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Gov. Cuomo falsely claims New York nursing homes ‘never needed’ to take in Covid-positive patients

New York Gov. Andrew Cuomo argued that nursing homes “never needed” to accept Covid-positive patients from hospitals in the state.



Andrew Cuomo wearing a suit and tie: NEW YORK, NY - JULY 23: New York Gov. Andrew Cuomo speaks during the daily media briefing at the Office of the Governor of the State of New York on July 23, 2020 in New York City. The Governor said the state liquor authority has suspended 27 bar and restaurant alcohol licenses for violations of social distancing rules as public officials try to keep the coronavirus outbreak under control. (Photo by Jeenah Moon/Getty Images)


© Jeenah Moon/Getty Images North America/Getty Images
NEW YORK, NY – JULY 23: New York Gov. Andrew Cuomo speaks during the daily media briefing at the Office of the Governor of the State of New York on July 23, 2020 in New York City. The Governor said the state liquor authority has suspended 27 bar and restaurant alcohol licenses for violations of social distancing rules as public officials try to keep the coronavirus outbreak under control. (Photo by Jeenah Moon/Getty Images)

During a press call Wednesday, Finger Lakes News Radio asked Cuomo about his administration’s advisory in late March requiring that nursing homes accept the readmission of patients from hospitals, even if they were positive for Covid-19.

Cuomo argued that the advisory was a precaution if hospitals became overwhelmed — calling it an “anticipatory rule” — which he said didn’t happen.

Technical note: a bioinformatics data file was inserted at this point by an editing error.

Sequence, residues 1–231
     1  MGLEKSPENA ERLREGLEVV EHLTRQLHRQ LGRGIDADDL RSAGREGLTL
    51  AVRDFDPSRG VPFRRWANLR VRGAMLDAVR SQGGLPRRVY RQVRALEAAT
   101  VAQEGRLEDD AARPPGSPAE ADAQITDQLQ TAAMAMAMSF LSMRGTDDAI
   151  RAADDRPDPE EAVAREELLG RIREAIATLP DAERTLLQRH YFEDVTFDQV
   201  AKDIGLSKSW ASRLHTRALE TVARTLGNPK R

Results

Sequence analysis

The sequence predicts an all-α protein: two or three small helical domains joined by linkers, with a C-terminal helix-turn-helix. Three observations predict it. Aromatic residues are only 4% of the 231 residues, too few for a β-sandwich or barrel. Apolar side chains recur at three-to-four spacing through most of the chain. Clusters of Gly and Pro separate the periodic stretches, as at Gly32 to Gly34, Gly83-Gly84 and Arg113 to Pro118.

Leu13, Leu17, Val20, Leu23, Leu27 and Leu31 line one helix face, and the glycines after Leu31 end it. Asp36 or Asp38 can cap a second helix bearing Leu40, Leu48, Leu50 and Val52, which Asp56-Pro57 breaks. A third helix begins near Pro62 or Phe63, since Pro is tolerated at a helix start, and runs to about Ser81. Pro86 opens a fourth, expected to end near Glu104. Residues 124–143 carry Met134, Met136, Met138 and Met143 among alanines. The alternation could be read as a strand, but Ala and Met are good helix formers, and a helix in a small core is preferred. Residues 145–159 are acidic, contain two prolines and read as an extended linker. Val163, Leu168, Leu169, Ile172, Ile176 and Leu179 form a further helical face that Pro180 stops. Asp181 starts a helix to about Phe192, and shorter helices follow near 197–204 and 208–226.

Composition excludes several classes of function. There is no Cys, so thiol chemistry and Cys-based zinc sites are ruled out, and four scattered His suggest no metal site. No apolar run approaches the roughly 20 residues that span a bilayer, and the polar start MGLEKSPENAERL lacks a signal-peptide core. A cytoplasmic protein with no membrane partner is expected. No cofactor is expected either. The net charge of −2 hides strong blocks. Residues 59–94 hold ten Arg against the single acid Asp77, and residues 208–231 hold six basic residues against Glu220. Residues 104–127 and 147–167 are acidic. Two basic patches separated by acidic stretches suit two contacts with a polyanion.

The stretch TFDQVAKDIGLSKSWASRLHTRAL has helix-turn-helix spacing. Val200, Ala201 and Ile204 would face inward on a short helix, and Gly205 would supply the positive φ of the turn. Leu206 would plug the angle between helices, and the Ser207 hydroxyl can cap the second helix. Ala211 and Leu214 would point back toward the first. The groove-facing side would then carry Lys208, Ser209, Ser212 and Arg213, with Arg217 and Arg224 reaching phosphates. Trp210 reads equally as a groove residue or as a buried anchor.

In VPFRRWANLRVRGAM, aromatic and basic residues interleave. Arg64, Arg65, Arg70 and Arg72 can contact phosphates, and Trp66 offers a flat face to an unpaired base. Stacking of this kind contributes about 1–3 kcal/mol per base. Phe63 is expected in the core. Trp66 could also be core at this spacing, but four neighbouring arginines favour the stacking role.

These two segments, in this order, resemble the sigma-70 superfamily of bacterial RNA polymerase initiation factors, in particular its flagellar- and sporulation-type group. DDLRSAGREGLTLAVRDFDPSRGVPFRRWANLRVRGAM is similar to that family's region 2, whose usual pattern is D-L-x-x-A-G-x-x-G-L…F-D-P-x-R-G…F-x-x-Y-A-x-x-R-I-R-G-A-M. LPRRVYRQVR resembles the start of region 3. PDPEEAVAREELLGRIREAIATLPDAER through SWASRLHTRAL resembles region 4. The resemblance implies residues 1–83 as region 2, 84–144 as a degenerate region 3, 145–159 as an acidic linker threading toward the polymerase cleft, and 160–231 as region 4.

“We never needed nursing home beds because we always had hospital beds,” Cuomo told Finger Lakes News. “So it just never happened in New York where we needed to say to a nursing home, ‘We need you to take this person even though they’re Covid-positive.’ It never happened.”

Facts First: Cuomo’s assertion that “it never happened” is false. According to a report from the New York State Department of Health, “6,326 COVID-positive residents were admitted to [nursing home] facilities” following Cuomo’s mandate that nursing homes accept the readmission of Covid-positive patients from hospitals. Whether or not this was “needed,” it did in fact happen.

On March 25, the state’s Health Department issued an advisory requiring nursing homes to accept “the expedited receipt of residents returning from hospitals” if the patients were deemed medically stable.

“No resident shall be

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Fire claims collector cars and couple’s recently remodeled home

ST. HELENA — Madeline Buty and Jason Curliano had just put the final touches on their retirement home on a hill overlooking the vineyards of Napa Valley. They hung the last picture on the wall Saturday.

The couple, from Piedmont, had spent three years remodeling the home, a striking modern build with large windows and a wrap-around deck, along Silverado Trail, a few miles from downtown St. Helena.

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Less than 48 hours later, it was a smoldering pile of ashes after the Glass Fire tore through the area.

“We just put so much love and energy into that place,” Buty said Monday, as she sobbed after seeing a video of the ruins. “We spent a lot of years looking for a place. It was the perfect house for us.”

Their home was one of dozens destroyed as the fire scorched Deer Creek, Angwin and parts of St. Helena. The Glass Fire has burned more than 42,000 acres, destroying at least 80 structures including several wineries.

Buty and Curliano, both in their 50s, bought the home